Project managers and tool administrators can now upload and download project templates from one Requirements Composer instance to another. This enables better project management for multiple environments and gives project teams a way of maintaining project configurations from server to server, without needing to configure a project from instance to instance manually.
Figure 6. Project template upload or /download
When collaboration with people outside of your requirements tool is important, how do you reliably share information with them or take information that they give to you as input to your project? They need ways to transfer information from one environment to another, to share information with partners or collaborators.
It is very common for project managers to need to extract requirements from a project to share with extended stakeholders, partners and global team members. Many have relied on standard reports or document and spreadsheet exports to take project requirements out of the database and share them with the wider community. The problem with some of these formats is that the richness of the meta information (for example, structure and rich formatting) is not preserved in a reliable format for the extended team member to continue to use in a requirements management tool.
This was the basic use case that inspired the format known as the Requirements Interchange Format, or ReqIF. The ReqIF format is an XML file format that can be used to exchange requirements — along with its associated metadata — between software tools from any vendor. The requirements exchange format also defines a workflow for transmitting the status of requirements between partners. Although developed in the automotive industry, ReqIF is suitable for lossless exchange of requirements in any industry.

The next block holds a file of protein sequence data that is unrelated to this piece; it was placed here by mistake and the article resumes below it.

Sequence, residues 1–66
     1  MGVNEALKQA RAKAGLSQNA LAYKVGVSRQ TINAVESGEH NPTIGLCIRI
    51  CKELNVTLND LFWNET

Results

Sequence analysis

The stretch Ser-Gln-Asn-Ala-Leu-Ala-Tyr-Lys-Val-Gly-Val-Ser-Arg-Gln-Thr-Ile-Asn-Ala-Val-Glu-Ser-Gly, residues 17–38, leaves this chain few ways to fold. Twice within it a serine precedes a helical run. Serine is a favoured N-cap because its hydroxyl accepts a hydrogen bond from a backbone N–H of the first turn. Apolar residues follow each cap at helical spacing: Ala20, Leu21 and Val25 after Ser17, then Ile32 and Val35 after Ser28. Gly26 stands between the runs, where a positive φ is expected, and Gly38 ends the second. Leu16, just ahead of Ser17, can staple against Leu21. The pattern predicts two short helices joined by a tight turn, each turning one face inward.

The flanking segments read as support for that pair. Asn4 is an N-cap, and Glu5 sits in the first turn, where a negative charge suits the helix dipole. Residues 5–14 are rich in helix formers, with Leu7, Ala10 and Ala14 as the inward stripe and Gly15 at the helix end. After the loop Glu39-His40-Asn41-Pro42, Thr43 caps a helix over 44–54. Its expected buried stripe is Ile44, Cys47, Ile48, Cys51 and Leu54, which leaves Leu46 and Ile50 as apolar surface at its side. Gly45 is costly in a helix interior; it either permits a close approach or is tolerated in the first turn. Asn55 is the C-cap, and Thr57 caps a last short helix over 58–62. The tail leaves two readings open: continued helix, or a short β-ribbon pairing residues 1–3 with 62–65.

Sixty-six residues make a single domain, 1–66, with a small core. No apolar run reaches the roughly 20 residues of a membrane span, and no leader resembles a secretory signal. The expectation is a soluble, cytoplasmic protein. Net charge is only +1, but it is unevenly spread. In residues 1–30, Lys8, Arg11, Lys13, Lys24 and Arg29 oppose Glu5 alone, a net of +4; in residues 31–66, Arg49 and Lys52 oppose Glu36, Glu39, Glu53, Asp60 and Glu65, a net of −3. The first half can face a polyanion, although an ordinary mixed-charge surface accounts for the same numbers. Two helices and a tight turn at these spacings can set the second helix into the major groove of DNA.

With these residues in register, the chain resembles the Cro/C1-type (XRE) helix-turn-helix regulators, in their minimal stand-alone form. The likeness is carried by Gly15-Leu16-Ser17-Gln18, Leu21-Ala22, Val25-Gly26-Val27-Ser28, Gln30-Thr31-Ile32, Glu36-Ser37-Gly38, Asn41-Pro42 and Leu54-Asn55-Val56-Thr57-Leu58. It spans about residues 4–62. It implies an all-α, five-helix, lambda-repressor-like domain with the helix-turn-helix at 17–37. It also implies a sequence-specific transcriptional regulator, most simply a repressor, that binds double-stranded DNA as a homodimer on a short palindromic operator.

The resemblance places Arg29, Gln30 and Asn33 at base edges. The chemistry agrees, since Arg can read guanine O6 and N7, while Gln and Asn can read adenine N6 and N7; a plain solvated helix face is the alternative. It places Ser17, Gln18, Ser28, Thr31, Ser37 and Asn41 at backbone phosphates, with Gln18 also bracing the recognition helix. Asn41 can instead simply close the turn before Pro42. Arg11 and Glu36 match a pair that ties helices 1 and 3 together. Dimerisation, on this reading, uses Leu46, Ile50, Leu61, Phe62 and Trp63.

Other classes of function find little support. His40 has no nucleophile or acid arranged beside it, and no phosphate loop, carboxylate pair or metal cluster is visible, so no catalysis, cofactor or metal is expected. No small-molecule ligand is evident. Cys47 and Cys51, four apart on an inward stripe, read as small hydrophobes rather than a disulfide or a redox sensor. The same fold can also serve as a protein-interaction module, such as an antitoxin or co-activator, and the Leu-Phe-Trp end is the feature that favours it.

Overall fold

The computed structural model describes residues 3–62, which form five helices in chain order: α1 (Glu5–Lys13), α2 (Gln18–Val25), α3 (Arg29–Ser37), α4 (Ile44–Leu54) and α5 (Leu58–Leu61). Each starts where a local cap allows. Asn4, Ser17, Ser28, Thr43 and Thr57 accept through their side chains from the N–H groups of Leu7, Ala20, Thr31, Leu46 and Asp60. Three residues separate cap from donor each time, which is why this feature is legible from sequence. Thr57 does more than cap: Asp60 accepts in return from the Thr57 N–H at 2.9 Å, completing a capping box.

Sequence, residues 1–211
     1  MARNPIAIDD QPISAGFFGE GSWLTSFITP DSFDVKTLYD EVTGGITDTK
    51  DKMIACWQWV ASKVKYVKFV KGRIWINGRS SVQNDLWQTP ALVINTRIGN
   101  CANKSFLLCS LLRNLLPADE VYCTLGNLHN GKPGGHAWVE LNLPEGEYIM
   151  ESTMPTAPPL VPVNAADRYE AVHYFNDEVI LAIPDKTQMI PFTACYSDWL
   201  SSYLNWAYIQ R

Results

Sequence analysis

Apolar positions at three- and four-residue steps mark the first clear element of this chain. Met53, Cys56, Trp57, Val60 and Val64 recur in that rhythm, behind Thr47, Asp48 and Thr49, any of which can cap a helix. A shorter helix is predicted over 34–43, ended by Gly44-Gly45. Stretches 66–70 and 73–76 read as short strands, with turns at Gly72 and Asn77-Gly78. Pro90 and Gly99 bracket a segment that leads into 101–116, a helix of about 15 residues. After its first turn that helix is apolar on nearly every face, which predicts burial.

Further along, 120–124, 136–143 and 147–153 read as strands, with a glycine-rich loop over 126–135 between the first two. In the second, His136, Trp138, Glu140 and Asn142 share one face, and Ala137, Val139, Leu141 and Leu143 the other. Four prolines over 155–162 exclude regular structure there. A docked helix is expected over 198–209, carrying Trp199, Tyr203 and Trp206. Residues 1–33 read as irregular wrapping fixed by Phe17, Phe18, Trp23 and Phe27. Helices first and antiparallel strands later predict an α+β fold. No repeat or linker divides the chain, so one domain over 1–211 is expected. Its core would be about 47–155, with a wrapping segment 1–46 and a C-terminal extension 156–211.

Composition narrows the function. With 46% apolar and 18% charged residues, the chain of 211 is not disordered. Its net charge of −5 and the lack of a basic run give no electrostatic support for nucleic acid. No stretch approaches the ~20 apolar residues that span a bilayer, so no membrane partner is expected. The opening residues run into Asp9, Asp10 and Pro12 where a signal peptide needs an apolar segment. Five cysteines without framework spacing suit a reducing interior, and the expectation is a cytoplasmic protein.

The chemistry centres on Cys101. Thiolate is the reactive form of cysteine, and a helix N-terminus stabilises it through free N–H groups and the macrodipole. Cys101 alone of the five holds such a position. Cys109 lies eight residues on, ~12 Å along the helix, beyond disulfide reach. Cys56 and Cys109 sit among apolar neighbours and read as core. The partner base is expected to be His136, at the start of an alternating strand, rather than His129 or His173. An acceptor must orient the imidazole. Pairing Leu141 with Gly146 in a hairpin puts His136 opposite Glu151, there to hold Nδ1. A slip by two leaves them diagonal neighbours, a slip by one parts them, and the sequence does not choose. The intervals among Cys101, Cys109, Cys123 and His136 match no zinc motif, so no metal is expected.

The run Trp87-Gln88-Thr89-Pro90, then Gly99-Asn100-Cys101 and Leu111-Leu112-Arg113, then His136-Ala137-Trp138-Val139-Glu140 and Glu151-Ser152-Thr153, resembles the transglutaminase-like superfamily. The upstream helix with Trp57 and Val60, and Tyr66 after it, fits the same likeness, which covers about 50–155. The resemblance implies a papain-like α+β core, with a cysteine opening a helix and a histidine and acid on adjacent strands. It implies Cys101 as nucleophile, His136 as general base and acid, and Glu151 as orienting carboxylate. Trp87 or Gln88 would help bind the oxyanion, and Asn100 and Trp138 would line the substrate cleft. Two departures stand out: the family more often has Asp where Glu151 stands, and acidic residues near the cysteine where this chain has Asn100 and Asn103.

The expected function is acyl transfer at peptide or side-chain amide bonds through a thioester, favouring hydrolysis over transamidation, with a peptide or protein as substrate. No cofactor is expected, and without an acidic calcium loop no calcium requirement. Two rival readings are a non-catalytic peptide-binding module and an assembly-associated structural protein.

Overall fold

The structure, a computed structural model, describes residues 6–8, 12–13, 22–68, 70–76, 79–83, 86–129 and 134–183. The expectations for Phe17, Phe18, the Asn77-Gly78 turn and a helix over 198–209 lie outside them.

Requirements Composer now supports some of the ReqIF workflow use cases to export and import requirement artifacts from one requirements project instance to another. Using the ReqIF definition wizard, a project team member can define which project requirements artifacts should be exported. In addition, when a file has already been exported, they can use the wizard to download a file again.
Figure 7. ReqIF Manager
This provides a more reliable way to export and import project requirements, using an open format that can be used with other requirements instances or even other requirements tools (such as IBM® Rational DOORS®).